For Mysteries & More!

By Its Cover: Laura Lippman’s Hush

laura lippman hushWhat happens when a book cover catches your eye but gives you pause?

Laura Lippman is a New York Times bestseller.  Her name appears prominently above the title in bold red letters.  The title, Hush, appears in white letters faintly mirrored against a black background.  As a mystery suspense thriller these colors are a trifecta.  Lippman’s name alone is likely to draw interest and sell copies.

So where might one have reservations about the book?  That comes from the very apparent image of two shoes, a child’s shoes.  Shoes most likely for a toddler discarded or placed on the ground on top of dirt and grass.  The shoes themselves appear scuffed, dirty, and empty.

This Tess Monaghan novel must be about a child.  Killed, kidnapped, or worse…this is a subject that will give readers pause.

Inside the book blurb reveals “on a searing August day, Melisandre Harris Dawes committed the unthinkable: she left her two-month-old daughter locked in a car while she sat nearby on the shores of the Patapsco River. Melisandre was found not guilty by reason of criminal insanity, although there was much skepticism about her mental state.”  Years later, Melisandre wishes to reconnect with her now teenaged daughters and involves Tess in helping her.  It’s a “disturbing case involving murder and a manipulative mother.”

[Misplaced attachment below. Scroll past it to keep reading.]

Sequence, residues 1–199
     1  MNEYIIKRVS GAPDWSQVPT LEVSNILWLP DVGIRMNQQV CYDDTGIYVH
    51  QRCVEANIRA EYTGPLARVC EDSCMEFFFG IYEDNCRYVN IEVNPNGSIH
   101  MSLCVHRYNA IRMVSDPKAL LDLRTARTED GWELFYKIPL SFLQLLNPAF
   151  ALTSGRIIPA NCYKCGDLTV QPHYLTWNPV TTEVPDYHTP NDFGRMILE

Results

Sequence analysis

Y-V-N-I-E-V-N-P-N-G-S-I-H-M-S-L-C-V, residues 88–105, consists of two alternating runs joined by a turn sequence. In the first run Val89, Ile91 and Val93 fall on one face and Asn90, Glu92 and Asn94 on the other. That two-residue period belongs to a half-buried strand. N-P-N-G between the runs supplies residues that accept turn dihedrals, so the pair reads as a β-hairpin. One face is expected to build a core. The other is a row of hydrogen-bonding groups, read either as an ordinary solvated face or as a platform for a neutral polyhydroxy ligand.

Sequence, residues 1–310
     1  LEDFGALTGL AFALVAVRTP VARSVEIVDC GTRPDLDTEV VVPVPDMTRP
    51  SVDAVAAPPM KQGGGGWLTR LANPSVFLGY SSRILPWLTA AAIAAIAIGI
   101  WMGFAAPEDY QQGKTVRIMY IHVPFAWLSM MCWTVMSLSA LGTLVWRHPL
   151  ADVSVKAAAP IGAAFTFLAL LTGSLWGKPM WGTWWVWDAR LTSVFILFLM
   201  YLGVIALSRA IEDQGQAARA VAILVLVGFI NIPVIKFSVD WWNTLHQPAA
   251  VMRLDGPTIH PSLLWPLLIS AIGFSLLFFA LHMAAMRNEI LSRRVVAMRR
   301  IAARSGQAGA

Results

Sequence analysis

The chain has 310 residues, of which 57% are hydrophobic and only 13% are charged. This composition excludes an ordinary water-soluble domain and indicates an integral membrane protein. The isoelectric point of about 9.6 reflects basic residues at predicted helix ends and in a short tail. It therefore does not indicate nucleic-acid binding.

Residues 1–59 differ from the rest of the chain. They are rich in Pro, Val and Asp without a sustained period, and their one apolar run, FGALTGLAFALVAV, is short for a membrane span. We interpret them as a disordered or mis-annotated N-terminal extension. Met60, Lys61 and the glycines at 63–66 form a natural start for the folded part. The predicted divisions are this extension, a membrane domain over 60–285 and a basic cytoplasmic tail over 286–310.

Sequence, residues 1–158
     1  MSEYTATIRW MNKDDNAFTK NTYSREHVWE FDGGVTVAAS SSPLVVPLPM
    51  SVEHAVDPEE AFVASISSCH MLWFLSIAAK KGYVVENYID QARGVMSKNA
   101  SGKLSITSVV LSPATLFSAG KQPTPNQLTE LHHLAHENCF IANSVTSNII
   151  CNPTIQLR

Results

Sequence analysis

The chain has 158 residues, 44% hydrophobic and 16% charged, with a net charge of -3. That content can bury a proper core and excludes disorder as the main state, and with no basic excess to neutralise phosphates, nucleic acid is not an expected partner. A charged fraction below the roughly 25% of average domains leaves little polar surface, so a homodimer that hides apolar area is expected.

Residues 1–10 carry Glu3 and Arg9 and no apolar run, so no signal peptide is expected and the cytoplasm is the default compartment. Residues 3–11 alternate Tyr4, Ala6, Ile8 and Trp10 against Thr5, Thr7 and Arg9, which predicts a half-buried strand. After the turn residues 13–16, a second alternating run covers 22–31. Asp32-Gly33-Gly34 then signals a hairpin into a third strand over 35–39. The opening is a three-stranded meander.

Fortunately it would seem the novel doesn’t dwell too intensely on this initial, gruesome crime that so readily fits the model of “ripped from the headlines” stories.  It is Melisandre’s present circumstances, her quest to bridge the estrangement with her teenage daughters that launches the story, whose narrative is interspersed with transcripts of interviews, presumably conducted as part of a documentary about Melisandre.

Still any novel dealing with crimes against children are difficult for some readers.  They are not for everyone.  The question of what really happened is certain to be addressed before novel’s end, but I suspect Hush is “safer” than most and not likely to be overly graphic in dealing with such dark issues.

So while the cover here catches the eye, it may serve as more of a reminder to sample this well-known author by starting with an earlier book, or preferably the first, in this long-running series.

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Categorised in: Mystery, Reviews

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